Touch and Vision in Edgar Degas’s Darkfield Monotypes
This article examines some of the unique compositional opportunities that the medium of darkfield monotyping offered Edgar Degas. Defending the idea that Degas undertook a distinctive set of pictorial experiments in monotype, I consider how typical sources of illumination are used for the purpose of cancelling the standard role that light plays in the organization of visual representations. This is, I argue, part of an important aesthetic inquiry that involves the posing of two related questions: first, what happens when a key enabling condition of visual perception (light) is removed from a two-dimensional work? Secondly, how might an artist depict the invisible in visual art? I argue that in their exploration of answers to these two questions, Degas’s darkfield monotypes privilege the sense of touch over vision for the purpose of undermining conventions that attach to the organization of pictorial space.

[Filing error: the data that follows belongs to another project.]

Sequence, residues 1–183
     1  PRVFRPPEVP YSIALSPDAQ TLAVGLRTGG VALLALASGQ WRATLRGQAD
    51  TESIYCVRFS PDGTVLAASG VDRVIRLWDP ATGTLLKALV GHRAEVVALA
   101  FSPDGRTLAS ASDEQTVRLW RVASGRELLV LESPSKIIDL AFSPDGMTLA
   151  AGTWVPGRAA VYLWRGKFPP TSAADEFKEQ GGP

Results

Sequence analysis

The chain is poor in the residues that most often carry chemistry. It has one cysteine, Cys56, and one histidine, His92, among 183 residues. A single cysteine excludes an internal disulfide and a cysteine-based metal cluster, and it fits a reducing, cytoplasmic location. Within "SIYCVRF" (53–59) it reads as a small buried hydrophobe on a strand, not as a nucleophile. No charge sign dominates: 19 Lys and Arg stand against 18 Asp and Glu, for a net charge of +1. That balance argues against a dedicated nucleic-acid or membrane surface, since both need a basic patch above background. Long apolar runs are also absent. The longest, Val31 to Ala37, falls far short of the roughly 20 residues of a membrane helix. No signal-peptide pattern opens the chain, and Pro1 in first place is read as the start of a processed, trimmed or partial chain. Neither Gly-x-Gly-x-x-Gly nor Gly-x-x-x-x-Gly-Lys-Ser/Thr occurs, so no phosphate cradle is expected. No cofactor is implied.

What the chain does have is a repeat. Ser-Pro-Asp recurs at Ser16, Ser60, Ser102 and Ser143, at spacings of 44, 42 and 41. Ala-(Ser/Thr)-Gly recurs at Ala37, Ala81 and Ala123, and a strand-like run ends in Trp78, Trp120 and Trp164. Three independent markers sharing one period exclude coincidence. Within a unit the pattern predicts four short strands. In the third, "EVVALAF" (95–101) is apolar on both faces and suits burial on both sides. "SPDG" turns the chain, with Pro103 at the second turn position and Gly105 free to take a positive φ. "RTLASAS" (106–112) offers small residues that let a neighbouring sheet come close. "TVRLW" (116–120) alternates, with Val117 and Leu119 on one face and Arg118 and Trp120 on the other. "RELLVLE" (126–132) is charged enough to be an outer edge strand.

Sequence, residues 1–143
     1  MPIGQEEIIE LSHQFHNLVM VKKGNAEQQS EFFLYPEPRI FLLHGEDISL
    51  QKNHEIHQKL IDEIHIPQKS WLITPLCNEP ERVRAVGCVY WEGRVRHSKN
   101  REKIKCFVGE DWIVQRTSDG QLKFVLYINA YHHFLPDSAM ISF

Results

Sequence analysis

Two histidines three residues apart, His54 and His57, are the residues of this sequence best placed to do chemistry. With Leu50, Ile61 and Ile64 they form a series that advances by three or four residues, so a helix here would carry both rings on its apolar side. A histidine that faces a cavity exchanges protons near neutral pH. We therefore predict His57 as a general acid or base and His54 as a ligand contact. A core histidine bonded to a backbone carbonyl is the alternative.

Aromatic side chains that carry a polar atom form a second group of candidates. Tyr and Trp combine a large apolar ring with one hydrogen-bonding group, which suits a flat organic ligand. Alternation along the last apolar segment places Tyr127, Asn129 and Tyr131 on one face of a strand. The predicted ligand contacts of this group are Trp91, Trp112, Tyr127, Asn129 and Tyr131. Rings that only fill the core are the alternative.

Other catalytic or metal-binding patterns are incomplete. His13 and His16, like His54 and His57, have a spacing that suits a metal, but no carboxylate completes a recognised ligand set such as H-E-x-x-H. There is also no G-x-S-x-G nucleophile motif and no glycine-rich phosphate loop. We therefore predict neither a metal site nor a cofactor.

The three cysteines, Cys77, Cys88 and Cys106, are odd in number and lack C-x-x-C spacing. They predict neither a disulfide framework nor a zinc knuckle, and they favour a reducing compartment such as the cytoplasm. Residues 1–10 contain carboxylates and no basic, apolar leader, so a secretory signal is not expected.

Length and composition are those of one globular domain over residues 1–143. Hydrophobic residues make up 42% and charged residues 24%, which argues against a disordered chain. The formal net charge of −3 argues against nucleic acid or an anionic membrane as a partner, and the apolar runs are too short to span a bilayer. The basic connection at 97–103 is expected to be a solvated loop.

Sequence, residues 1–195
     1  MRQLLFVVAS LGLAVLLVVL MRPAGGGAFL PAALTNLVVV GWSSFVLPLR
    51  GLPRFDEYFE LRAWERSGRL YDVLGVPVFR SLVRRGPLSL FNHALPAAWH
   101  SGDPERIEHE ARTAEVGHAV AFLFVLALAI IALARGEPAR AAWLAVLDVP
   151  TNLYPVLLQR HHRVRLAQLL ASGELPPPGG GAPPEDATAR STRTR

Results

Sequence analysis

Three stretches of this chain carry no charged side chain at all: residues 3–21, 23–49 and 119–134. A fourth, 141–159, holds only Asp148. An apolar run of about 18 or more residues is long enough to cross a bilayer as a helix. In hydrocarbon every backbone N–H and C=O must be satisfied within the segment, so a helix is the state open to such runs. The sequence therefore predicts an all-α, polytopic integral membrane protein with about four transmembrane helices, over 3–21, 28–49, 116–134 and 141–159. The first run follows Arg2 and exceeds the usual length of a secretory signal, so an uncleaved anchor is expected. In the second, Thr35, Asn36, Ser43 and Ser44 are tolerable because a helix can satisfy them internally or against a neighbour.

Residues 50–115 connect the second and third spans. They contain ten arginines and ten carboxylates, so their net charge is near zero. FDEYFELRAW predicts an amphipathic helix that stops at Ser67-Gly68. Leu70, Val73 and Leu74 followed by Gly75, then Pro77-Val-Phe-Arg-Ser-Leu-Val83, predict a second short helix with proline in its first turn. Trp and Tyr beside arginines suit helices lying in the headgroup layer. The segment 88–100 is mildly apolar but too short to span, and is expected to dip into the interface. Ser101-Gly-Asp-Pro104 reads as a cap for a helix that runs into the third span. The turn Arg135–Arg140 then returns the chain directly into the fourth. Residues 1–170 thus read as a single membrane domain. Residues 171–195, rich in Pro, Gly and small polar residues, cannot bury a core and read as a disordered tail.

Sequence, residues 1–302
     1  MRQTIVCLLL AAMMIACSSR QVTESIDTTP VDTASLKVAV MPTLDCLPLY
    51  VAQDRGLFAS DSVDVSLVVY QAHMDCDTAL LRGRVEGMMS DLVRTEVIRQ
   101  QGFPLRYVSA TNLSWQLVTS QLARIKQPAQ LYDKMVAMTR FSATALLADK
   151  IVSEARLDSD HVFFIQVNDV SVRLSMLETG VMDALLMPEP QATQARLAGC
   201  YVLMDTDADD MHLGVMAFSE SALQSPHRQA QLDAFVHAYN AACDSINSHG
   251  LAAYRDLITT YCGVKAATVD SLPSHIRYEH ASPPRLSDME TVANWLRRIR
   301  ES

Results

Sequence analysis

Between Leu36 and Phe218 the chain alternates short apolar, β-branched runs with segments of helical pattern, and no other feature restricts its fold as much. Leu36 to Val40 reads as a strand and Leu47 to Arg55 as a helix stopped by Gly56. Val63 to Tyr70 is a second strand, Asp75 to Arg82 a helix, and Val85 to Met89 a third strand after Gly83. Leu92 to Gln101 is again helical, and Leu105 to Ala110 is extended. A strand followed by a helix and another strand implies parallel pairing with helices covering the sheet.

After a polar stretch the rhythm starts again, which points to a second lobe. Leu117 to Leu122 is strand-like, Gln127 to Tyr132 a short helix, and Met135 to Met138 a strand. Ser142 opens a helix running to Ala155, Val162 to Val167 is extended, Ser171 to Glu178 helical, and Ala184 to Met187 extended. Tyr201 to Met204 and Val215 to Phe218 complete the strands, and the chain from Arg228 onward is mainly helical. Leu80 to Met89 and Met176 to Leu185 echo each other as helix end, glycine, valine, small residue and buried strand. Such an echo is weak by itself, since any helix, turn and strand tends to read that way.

Relevant research areas: Western Europe, 19th Century, Monoprinting